Back in October, government ministers revealed in a stock exchange announcement they planned to agree a temporary contract with Virgin Trains, extending its tenure by nine months whilst another competition is held for would-be franchisees. The announcement comes not long after a decision to award the contract to FirstGroup was repealed because of mysterious ‘technical flaws’ in the bidding process. Branson, no doubt, will be kite surfing for joy that his company is in with a fighting chance once again.
Elsewhere in Branson’s pantheon of business ventures, Virgin Money is considering another crack at buying up hundreds of branches that are being dumped by the Royal Bank of Scotland. The branches have come free because an EU condition about state aid caps is forcing the bank to offload 316 by the end of next year.
Furthermore, a deal to sell them to Santander has fallen through – the Spanish banking group wanted the branches but then reportedly freaked out when it realised how bad and antiquated the IT system is at RBS. But Branson will have to go head to head with the US private equity guru Christopher Flowers. If Flowers wins, perhaps we can look forward to the spectacle of another temper tantrum from our modern-day Willy Wonka. Of course, RBS may go back to the regulator saying it can’t sell the branches at a satisfactory price and secure a different form of penalty, so the game isn’t won yet for Old Beardie.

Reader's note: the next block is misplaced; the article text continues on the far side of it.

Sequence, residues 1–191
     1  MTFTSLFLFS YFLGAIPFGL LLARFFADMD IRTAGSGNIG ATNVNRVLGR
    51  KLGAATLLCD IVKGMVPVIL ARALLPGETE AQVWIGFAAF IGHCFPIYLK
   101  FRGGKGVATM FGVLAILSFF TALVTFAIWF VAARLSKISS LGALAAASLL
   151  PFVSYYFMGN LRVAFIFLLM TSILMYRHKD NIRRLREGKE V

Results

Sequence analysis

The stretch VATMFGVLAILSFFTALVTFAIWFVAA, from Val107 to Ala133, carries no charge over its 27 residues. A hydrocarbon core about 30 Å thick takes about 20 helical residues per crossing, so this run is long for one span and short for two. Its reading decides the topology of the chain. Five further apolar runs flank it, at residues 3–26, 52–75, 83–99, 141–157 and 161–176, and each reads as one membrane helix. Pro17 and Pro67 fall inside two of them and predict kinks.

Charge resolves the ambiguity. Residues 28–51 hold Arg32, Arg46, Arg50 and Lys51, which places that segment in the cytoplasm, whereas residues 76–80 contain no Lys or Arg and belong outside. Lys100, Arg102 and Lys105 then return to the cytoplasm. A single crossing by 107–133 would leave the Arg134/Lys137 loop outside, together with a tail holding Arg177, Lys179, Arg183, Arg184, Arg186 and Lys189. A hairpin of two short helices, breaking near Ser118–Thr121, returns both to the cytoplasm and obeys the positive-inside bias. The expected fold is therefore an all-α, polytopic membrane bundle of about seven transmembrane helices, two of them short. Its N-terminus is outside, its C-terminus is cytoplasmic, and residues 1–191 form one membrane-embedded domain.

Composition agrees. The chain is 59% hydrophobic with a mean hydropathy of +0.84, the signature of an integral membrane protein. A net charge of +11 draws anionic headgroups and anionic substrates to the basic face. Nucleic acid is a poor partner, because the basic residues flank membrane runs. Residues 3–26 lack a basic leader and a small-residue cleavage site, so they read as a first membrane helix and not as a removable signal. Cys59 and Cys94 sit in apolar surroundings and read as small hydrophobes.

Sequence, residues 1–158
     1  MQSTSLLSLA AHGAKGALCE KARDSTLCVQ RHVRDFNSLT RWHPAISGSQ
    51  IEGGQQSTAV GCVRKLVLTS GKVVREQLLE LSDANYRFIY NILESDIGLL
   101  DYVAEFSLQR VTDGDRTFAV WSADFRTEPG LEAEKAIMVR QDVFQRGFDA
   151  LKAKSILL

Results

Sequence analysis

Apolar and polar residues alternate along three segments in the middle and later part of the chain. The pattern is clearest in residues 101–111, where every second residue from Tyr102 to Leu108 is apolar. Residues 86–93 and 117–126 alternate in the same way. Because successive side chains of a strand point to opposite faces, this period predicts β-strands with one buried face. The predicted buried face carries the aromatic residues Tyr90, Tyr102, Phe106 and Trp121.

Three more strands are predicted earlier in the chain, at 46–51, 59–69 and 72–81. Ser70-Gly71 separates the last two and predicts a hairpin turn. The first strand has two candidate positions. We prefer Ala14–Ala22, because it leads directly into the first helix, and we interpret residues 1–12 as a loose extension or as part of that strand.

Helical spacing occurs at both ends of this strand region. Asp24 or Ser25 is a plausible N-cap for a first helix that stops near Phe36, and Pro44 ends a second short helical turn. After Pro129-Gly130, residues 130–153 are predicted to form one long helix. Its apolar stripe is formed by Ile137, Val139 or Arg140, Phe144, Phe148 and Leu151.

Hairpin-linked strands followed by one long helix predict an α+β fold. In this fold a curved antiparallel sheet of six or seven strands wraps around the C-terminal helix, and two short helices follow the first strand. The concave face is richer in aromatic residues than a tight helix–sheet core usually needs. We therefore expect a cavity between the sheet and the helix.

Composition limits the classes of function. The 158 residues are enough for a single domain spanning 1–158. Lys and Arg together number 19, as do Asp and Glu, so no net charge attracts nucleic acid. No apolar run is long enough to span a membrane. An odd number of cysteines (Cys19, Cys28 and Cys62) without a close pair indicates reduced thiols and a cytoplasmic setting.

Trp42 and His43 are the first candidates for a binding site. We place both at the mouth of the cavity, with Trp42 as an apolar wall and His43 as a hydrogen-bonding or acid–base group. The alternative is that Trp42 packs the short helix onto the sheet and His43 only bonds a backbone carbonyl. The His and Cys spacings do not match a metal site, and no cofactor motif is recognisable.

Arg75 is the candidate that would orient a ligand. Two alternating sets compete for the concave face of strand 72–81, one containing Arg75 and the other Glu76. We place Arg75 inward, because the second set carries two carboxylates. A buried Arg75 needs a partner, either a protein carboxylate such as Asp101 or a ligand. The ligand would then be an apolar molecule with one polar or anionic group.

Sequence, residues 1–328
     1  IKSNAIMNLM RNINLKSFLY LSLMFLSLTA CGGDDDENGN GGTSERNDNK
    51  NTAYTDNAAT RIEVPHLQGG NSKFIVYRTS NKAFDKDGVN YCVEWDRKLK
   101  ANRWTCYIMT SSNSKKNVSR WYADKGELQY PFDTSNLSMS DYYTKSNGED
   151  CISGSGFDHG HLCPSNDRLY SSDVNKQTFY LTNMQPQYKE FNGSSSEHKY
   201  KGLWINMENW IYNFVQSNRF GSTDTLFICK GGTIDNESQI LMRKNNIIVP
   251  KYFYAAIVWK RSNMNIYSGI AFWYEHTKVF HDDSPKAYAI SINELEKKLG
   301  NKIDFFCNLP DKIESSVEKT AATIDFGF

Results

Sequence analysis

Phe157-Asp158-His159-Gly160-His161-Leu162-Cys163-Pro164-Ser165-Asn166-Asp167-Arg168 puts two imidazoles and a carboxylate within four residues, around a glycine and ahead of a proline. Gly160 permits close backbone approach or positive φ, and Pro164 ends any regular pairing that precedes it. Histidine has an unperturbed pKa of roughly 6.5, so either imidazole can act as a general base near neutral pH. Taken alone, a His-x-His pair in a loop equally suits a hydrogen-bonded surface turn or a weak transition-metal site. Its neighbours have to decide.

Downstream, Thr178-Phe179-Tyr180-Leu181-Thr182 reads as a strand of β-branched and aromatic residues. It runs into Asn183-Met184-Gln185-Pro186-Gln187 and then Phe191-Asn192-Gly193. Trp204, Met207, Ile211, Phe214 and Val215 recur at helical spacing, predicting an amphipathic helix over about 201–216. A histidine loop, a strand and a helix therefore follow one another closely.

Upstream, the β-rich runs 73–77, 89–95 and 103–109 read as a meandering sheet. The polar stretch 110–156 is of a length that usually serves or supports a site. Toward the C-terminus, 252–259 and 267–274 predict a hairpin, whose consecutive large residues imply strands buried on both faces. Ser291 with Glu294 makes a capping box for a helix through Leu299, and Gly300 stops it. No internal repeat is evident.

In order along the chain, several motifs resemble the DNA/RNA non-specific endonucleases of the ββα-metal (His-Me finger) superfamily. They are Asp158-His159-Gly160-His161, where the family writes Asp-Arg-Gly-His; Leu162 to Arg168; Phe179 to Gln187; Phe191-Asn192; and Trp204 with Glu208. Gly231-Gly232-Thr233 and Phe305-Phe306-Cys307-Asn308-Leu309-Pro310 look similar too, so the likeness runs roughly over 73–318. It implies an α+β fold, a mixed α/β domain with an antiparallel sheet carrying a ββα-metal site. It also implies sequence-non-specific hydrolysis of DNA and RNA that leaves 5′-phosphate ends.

The West Coast deal has been the subject of some controversy: the government originally awarded it to FirstGroup, which would have seen Virgin’s 15 year tenure brought to an end. But Branson kicked up huge fuss, claiming the decision was outrageous and the bidding process flawed. One could be forgiven for assuming the Branson has friends in high places however, because as if by magic, the government suddenly retracted the deal with FirstGroup and launched some inquiries into how they had managed to win the bid in the first place. Three civil servants were suspended over how the process was conducted and the government is reimbursing all companies that bid for the cost of doing so.
Branson is already starting to make some progress in the banking sector, having bough the previously nationalised Northern Rock earlier in 2012. Getting his hands on these RBS branches would add 250,000 SMEs and around 1.8 million savers and borrowers to his books. Keep calm Branson, and things might go your way anyway…